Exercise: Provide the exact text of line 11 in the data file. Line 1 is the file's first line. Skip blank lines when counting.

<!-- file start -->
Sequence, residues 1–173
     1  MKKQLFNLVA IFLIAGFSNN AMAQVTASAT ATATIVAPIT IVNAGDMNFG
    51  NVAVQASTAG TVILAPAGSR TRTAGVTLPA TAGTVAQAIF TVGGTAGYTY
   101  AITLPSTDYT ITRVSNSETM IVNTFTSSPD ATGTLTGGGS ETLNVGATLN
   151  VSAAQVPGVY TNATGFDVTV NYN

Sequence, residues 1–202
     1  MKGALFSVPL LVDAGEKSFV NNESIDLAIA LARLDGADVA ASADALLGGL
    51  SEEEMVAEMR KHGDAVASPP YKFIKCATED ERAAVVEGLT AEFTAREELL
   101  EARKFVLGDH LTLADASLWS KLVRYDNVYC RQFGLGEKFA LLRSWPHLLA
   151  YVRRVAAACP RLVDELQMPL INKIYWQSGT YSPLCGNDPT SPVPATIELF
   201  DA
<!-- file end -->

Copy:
   201  DA